Maredo is known for their steaks, but since it was lunch and we were "exercising" we both went for the cheeseburger. (Haha!) And let me tell did not disappoint. The hand-formed patty was deliciously tender and served on a brioche bun (suck it, Anthony was delicious!) with an unctuous tomato chutney. Listen to me...if you're jonesing for a burger, just go try it.  They also offer one of my favorite simple Spanish tapas...sautéed Padron peppers with sea salt (Pimientos de Padrón) let's just say I DID have vegetables on the side of my burger...and fries...and so-incredible-I-can't-say-no remoulade to dip them in.............ahhhhh......heaven.

Let me know if you get a chance to run by Maredo and how you like it. Enjoy!!

Monday, August 22, 2016

Being an Expat is a humbling experience...

Today I was laughed at by the deli counter clerk. That's right, the "trained chef" who supposedly is proficient in German totally messed it all up by the numbers. And the associate at the grocery store certainly didn't let me slide!

Toasted Ham Sandwich
with Onion Mayo Spread and Arugula Salad
I'm trying to tell myself this sort of thing comes with the territory of being an expat, particularly when you first move to your new host country. A learning experience, but none the less humbling! A healthy dose of humility is good for everyone though...fortunately this lifestyle isn't short on those types of experiences. Living in a foreign country isn't for sissies!

I found myself in this situation because tonight we're having a couple folks from work over and I thought I'd do a French inspired light meal....turkey sandwiches with an onion/mayo/cheese spread, cream of roasted tomato soup and arugula/lentil/radish salad.  One of my mom's go-to hors d'oeuvres recipe is her Onion Canapés, which I have made many times for my own guests and even prepared on-air for Good Morning Connecticut back in 2009. It's always a huge very simple, quick, but amazingly yummy. Kyle came up with the idea a while ago that I should make the deliciousness into a sandwich (brilliant!) but I hadn't gotten around to it until I tasted something very similar at Le Madeleine right before we left Virginia. So tonight's the night I'm trying it out as a sandwich, but naturally roasted turkey is just not something that's readily available in the deli counters around Germany. They've got any type of pork you want, but no turkey. Pork it is!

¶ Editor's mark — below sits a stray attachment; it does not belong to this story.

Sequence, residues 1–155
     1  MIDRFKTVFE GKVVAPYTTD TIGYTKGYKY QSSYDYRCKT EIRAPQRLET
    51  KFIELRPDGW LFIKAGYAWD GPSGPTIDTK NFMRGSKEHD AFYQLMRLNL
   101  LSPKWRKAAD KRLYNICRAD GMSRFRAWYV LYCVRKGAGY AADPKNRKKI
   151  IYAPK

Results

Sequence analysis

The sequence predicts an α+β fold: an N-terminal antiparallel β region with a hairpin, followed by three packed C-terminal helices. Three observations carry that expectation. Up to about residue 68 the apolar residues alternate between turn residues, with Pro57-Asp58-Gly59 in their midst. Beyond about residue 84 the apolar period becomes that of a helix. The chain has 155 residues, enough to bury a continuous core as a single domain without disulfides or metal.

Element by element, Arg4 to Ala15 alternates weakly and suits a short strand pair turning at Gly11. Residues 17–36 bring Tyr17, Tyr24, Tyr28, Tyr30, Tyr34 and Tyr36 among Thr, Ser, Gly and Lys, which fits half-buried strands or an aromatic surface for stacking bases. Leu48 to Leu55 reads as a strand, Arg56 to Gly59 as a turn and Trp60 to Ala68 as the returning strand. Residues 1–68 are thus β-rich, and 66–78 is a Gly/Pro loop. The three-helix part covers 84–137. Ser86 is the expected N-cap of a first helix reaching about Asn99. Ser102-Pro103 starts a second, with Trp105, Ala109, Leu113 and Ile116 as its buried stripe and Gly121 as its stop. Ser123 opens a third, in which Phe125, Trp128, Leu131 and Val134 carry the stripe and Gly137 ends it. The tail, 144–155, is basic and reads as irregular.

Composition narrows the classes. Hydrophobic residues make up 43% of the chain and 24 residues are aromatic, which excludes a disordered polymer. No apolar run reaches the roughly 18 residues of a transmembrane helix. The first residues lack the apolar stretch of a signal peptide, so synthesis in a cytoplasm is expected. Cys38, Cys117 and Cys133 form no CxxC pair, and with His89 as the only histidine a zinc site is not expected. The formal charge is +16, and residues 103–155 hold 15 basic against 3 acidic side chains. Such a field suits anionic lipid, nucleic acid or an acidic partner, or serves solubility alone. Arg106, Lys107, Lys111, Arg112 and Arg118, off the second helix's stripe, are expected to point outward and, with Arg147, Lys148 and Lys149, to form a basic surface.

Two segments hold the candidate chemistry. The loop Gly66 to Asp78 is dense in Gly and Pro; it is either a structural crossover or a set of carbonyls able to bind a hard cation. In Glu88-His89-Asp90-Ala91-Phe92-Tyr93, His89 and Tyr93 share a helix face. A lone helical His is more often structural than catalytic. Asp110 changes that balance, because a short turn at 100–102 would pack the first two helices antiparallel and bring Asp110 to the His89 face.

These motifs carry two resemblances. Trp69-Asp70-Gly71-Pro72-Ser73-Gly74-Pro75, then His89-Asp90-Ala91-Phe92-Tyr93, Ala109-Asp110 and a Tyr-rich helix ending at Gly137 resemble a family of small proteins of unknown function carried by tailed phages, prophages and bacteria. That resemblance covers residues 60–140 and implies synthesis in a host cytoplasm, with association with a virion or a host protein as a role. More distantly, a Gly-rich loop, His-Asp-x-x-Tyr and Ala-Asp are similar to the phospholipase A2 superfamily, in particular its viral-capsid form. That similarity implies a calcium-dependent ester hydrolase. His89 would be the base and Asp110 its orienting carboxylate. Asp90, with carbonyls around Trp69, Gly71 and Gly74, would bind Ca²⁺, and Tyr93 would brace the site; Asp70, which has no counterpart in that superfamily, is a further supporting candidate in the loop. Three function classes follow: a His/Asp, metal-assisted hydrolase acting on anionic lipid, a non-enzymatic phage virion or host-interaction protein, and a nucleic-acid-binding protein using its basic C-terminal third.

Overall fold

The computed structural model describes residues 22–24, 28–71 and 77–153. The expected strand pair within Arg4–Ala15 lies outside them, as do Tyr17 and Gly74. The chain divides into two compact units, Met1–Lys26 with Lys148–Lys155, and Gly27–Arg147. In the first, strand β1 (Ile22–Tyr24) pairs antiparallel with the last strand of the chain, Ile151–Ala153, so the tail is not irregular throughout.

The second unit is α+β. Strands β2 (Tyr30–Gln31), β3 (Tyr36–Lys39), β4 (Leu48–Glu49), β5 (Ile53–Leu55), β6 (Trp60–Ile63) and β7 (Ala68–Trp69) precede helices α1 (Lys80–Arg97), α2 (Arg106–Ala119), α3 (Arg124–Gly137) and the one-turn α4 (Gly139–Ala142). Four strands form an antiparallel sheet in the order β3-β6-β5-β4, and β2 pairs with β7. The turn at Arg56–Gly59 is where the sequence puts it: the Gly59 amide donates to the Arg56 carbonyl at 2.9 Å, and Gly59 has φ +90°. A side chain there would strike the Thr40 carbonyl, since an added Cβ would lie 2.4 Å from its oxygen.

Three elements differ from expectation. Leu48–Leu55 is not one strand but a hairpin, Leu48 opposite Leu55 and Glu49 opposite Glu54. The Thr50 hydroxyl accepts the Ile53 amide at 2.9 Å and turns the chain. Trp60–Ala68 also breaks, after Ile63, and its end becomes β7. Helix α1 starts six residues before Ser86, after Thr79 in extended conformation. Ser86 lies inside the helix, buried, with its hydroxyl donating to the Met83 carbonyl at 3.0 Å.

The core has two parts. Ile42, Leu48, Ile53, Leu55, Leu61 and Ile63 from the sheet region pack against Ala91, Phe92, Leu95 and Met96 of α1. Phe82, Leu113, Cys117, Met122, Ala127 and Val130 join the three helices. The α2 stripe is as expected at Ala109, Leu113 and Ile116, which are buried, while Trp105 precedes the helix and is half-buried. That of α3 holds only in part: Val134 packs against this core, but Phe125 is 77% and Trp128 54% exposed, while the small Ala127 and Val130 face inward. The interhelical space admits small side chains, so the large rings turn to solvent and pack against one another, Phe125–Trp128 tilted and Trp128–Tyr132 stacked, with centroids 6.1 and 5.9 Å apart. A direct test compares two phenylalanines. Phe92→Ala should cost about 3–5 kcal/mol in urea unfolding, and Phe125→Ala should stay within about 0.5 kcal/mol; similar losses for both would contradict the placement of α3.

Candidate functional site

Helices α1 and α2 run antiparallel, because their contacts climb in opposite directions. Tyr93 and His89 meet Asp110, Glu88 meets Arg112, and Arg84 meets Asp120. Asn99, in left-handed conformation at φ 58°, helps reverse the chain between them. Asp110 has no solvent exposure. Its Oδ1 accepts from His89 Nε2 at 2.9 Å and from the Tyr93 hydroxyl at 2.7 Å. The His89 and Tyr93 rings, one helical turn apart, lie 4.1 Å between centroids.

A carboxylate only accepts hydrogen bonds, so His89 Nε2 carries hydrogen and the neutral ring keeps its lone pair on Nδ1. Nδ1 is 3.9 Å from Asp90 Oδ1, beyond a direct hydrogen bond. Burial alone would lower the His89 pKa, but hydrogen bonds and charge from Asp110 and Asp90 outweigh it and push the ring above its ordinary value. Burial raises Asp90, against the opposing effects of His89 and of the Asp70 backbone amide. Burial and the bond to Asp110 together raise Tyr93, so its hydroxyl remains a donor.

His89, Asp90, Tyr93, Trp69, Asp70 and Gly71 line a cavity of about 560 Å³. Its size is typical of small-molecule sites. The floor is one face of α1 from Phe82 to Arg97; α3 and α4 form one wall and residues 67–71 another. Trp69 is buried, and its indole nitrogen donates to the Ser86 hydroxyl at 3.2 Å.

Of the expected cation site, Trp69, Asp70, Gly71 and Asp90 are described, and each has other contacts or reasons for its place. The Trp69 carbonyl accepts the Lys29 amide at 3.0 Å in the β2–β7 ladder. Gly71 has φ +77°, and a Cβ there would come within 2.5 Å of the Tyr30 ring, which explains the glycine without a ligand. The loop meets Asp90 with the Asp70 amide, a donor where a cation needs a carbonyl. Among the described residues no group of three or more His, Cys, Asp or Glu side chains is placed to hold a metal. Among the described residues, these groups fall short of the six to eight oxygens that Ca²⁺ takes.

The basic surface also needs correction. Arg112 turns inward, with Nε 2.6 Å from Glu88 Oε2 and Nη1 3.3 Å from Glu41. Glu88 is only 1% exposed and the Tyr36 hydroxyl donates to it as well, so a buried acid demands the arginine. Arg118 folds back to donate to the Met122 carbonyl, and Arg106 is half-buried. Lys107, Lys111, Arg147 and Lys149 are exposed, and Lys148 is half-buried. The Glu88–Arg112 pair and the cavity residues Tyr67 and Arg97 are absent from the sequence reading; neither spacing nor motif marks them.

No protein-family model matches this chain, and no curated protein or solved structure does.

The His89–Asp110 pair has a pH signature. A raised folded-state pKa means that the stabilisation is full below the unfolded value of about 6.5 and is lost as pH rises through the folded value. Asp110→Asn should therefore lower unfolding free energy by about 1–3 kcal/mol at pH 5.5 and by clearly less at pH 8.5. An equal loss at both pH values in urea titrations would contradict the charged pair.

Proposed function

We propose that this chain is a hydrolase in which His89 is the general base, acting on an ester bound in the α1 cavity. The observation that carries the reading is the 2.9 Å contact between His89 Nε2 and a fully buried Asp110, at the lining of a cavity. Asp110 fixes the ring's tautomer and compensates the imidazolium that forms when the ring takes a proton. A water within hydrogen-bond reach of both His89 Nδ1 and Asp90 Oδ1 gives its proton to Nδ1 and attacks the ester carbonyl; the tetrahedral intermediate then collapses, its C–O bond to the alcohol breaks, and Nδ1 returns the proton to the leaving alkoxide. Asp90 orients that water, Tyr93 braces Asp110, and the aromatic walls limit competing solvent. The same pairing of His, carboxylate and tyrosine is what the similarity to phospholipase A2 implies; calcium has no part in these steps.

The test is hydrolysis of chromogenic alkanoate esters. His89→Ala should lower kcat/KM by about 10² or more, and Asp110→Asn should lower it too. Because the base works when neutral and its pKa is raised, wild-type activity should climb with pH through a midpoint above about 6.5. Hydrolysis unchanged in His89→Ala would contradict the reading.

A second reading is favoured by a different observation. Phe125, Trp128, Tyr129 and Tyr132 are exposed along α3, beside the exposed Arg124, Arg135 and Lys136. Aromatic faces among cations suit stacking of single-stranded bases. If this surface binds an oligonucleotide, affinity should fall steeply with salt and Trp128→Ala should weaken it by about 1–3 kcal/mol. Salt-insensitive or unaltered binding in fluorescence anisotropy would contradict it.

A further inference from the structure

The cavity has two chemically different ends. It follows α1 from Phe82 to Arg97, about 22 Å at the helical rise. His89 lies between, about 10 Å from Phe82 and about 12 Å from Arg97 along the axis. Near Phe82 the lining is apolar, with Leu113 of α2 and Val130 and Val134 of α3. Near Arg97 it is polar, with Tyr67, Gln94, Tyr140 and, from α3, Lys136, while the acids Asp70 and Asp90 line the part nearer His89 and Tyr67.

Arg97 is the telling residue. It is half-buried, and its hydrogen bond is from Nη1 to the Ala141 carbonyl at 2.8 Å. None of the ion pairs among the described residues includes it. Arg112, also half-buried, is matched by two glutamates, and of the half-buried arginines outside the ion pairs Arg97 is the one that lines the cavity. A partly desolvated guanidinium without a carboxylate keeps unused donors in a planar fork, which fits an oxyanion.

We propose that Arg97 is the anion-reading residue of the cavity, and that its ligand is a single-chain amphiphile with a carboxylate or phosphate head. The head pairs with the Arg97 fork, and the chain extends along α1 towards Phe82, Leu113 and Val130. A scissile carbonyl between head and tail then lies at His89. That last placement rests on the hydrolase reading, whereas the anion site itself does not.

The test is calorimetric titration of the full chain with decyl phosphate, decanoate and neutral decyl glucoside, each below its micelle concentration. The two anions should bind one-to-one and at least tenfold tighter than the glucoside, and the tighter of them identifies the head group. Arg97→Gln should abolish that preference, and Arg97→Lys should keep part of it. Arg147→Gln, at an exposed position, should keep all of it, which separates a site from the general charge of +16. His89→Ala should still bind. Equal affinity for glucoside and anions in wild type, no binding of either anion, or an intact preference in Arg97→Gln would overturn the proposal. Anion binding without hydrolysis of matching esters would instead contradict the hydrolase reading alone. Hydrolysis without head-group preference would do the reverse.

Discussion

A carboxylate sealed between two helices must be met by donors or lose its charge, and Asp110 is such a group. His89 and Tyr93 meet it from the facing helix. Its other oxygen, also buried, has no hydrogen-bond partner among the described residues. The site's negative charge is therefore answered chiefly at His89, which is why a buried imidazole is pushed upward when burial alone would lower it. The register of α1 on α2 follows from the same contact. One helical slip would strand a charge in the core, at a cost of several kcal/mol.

I found a beautiful looking piece of roasted meat in the case at my local supermarket, Rewe, and thought to myself, well, it looks like roasted pork loin to I quickly looked up pork loin in my English-->German iPhone app and quite confidently asked for the "gebratene Schweinelende, bitte" and all I got back was a look of confusion. Harumph. There goes the 30 weeks I spent learning German....we were reduced to pointing...and once she figured out what I wanted, she let out a hearty laugh and said something along the lines of "Wow, that sure would be a huge pork loin!"  Sigh. So much for my confidence...bring on the humility! I guess maybe she's never seen huge American pork loins...or at least that's what I'll tell myself. Turns out it was simply "Backschinken" or ham, but obviously herb-roasted ham. Next time I'll ask for the "Krauter gebratene Backschinken". I'll let you know how it goes....